The presidential office said on Thursday that the possibility of a cyberattack causing a shutdown of nuclear reactors and posing a greater danger is low, amid growing public fear of cyberthreats involving North Korea.
The announcement was made a few hours after the National Security Council at Cheong Wa Dae held an emergency meeting on cyberterrorism, in a gesture that the office was taking the recent threats seriously.
"As the control tower for cybersecurity, the office is taking preemptive action to control the situation, by taking the matter very seriously," the NSC said in a statement a day before it held the meeting.
The council said it had held a meeting on cyberterror last week, amid mounting fears of hacking attacks by North Korea after its alleged attacks on Sony Pictures.
The government came under fire after hackers released several batches of confidential data on South Korean nuclear reactors, starting last week.
Hackers calling themselves members of an antinuclear power activist group posted personal information on some 10,000 employees of Korea Hydro & Nuclear Power and continued to release more information on Twitter, including four files of reactor-related information and safety analyses.
The reactor operator said the information leaked by hackers was not classified, but general material.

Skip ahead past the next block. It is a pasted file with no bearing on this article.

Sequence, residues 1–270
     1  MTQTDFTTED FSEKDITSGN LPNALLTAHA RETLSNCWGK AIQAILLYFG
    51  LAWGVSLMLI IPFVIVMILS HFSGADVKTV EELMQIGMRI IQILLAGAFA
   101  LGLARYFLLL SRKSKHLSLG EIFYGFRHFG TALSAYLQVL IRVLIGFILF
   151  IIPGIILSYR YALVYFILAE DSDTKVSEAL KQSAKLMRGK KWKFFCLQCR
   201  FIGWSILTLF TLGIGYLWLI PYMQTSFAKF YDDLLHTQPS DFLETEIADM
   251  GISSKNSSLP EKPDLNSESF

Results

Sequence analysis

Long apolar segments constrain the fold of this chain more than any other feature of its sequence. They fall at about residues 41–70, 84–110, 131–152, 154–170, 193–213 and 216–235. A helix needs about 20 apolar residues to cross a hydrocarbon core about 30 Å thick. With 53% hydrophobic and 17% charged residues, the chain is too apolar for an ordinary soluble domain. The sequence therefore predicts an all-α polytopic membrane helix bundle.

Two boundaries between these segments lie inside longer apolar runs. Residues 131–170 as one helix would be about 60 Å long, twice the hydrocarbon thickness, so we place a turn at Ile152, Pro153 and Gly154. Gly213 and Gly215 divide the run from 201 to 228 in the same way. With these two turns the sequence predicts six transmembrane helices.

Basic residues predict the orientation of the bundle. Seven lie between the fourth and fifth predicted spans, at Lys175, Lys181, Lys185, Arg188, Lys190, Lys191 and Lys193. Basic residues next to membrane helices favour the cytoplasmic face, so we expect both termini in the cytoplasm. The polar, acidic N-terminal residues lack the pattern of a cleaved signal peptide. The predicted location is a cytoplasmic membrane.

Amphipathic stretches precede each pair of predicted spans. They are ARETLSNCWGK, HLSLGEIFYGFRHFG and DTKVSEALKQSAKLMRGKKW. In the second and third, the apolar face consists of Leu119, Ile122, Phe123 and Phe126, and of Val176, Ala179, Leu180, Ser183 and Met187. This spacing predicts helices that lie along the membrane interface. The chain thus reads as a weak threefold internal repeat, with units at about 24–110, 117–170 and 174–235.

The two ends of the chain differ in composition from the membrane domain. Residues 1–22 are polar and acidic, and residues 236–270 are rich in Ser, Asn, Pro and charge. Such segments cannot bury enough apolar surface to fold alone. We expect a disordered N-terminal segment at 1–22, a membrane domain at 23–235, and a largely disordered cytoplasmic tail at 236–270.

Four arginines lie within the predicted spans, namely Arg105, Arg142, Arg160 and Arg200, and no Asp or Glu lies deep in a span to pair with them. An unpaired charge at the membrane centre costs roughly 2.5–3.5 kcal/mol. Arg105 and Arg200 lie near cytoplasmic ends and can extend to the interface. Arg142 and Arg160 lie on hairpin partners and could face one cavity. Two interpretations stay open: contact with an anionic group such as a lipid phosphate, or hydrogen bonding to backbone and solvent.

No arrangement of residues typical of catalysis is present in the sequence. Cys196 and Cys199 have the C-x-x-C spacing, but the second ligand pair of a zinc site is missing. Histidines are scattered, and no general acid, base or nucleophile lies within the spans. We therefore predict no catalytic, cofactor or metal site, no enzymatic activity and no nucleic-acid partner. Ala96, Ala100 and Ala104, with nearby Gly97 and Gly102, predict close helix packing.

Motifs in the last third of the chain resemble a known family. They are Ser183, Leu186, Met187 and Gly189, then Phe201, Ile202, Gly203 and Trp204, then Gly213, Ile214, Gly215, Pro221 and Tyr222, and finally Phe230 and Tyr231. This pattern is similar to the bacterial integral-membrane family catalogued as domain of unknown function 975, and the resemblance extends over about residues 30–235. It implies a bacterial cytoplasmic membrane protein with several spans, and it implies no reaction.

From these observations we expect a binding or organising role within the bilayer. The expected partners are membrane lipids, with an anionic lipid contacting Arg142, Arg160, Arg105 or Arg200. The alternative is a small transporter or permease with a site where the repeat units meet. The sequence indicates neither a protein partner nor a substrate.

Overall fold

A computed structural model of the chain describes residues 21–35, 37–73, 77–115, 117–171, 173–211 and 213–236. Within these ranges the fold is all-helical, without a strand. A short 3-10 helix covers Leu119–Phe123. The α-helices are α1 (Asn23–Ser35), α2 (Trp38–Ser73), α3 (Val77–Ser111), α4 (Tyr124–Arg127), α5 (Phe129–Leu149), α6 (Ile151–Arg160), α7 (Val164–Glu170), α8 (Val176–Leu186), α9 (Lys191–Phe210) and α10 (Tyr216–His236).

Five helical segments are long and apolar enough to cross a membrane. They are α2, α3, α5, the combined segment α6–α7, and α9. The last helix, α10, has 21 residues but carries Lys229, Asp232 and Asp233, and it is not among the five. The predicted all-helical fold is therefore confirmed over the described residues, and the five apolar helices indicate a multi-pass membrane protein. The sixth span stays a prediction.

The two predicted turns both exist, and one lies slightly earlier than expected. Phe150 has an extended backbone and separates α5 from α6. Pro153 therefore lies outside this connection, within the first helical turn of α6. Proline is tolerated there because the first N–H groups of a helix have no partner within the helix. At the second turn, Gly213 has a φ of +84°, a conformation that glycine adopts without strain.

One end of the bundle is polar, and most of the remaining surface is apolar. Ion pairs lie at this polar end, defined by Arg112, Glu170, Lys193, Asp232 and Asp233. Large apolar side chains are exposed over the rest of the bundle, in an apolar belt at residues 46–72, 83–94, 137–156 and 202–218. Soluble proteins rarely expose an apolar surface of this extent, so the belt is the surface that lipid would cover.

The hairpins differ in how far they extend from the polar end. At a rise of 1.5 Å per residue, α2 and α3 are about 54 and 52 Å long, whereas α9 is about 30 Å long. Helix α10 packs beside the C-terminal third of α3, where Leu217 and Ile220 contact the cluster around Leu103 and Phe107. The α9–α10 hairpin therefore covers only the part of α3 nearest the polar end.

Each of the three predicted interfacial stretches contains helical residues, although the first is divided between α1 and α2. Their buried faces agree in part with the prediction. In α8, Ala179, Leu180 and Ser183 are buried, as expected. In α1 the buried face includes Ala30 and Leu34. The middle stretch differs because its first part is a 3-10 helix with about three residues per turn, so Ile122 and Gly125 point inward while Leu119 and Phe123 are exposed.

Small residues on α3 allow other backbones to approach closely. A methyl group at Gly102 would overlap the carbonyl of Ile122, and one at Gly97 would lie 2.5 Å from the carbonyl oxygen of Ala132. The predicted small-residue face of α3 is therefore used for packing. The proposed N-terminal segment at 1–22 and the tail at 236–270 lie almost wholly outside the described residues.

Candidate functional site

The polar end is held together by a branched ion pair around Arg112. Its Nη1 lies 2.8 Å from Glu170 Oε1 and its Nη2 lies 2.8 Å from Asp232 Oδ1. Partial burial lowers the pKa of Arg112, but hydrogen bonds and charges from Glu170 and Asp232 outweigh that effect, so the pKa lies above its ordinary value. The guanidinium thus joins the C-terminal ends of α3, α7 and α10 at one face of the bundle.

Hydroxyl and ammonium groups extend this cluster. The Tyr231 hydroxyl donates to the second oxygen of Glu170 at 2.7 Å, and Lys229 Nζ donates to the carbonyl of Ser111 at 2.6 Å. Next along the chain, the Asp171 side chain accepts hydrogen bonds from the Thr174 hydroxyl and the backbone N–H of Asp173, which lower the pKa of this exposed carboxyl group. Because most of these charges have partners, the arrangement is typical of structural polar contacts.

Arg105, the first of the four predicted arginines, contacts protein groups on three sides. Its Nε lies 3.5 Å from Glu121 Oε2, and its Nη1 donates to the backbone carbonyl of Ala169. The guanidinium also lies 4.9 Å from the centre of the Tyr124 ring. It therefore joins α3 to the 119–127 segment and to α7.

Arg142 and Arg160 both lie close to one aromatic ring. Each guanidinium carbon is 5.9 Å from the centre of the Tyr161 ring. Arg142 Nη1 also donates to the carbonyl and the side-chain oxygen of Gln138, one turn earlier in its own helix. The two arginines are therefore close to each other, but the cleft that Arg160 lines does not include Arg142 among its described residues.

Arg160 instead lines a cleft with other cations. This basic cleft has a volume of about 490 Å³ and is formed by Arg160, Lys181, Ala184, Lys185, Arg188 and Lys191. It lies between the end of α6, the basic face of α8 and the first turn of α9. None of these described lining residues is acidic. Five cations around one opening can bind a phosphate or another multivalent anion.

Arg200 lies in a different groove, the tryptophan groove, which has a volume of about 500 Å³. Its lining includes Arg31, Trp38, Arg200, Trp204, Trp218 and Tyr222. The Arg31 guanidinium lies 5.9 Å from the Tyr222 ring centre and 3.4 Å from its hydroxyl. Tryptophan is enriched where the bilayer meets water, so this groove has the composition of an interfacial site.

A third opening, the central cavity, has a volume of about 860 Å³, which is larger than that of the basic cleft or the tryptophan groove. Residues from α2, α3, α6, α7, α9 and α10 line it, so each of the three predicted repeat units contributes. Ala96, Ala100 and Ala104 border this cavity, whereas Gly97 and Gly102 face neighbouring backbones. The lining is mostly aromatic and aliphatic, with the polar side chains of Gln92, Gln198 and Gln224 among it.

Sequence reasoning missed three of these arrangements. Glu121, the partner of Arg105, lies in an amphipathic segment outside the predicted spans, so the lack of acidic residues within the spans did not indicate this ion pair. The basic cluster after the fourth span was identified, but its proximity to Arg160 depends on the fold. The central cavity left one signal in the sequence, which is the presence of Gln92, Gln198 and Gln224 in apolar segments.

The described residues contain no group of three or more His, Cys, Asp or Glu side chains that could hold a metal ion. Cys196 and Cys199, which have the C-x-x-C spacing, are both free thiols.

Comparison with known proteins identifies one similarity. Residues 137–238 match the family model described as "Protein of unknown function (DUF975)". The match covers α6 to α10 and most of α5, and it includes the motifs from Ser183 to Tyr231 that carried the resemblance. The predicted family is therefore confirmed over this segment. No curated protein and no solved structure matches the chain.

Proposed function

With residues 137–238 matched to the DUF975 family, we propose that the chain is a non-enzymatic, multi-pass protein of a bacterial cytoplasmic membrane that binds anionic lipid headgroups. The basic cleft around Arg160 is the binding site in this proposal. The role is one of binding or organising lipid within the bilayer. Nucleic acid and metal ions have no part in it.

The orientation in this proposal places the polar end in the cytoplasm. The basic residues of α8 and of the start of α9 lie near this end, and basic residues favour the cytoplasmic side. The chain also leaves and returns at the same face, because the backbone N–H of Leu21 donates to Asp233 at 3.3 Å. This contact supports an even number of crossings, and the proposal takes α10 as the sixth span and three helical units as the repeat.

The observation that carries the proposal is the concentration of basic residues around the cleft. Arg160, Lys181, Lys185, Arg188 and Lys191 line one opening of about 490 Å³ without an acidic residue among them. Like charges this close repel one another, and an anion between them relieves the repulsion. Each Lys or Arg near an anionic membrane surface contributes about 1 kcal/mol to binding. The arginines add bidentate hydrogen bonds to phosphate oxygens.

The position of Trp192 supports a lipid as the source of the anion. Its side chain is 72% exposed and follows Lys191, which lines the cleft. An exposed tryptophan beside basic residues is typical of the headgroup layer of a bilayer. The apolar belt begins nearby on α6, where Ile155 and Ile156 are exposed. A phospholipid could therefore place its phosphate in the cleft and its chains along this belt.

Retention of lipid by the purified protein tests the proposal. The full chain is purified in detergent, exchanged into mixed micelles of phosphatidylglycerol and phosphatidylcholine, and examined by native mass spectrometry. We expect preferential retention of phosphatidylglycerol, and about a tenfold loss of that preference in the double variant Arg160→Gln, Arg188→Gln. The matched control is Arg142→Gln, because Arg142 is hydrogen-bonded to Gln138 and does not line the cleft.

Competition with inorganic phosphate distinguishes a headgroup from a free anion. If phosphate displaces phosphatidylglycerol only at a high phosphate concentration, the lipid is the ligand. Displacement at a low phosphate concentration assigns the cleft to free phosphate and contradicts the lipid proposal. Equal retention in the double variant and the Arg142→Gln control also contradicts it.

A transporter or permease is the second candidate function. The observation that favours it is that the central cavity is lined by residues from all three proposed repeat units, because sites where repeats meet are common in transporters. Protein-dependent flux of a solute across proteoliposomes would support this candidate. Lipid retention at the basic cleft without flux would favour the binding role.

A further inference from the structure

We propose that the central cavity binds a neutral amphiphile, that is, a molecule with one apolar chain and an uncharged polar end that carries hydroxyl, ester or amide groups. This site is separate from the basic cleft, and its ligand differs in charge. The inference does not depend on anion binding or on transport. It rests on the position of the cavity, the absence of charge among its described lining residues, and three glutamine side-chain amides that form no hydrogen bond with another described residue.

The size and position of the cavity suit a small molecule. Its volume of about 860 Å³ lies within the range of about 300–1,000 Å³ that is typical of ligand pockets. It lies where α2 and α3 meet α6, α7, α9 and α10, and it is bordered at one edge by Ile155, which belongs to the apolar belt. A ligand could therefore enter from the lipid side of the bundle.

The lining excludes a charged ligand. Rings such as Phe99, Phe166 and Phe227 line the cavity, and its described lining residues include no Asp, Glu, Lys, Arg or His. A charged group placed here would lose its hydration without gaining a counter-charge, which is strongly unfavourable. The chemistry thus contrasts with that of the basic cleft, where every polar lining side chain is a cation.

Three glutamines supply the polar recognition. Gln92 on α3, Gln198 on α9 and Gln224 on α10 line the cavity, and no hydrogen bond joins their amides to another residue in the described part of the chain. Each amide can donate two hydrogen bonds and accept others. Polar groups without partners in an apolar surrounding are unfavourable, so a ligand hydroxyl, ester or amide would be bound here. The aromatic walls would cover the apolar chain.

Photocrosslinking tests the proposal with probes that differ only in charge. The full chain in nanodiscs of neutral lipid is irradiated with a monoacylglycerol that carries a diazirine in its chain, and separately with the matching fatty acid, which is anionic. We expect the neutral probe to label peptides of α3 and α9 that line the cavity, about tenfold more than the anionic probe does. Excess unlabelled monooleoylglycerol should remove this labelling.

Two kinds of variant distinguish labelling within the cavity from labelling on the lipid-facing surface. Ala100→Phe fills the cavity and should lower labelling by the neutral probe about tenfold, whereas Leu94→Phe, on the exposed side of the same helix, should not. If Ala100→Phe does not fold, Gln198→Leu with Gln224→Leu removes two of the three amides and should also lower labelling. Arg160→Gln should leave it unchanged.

But public fears of an attack grew after evidence suggested that the suspects could be North Korean hackers.
The prosecution said Wednesday that a suspect in the hacking attacks on the reactors used multiple IP addresses based in Shenyang, China.
The announcement instantly raised the possibility of North Korean involvement as the Chinese city is known to be an overseas base for hackers trained by Pyongyang.
Justice Minister Hwang Kyo-an on Wednesday told lawmakers that the government was looking into allegations that the attack was committed by North Korea.
Hundreds of emails embedded with malicious codes were sent to employees of the country's nuclear reactor operator from accounts registered under the names of retired officials of the state-run firm, investigators said on Thursday.
"On (Dec.) 9, emails embedded with malware were sent to hundreds of staff at KHNP. Most of the emails were sent from accounts (registered) with the names of retired officials of the operator," said a member of the joint investigative team looking into the hacking attacks.
Investigators said they were questioning retired officials, but that they suspect that most of the email IDs were stolen by hackers.
When a computer becomes infected with the malicious code, the attacker can view all activities performed on the PC and even turn it into a "zombie computer" to manipulate it from remote places.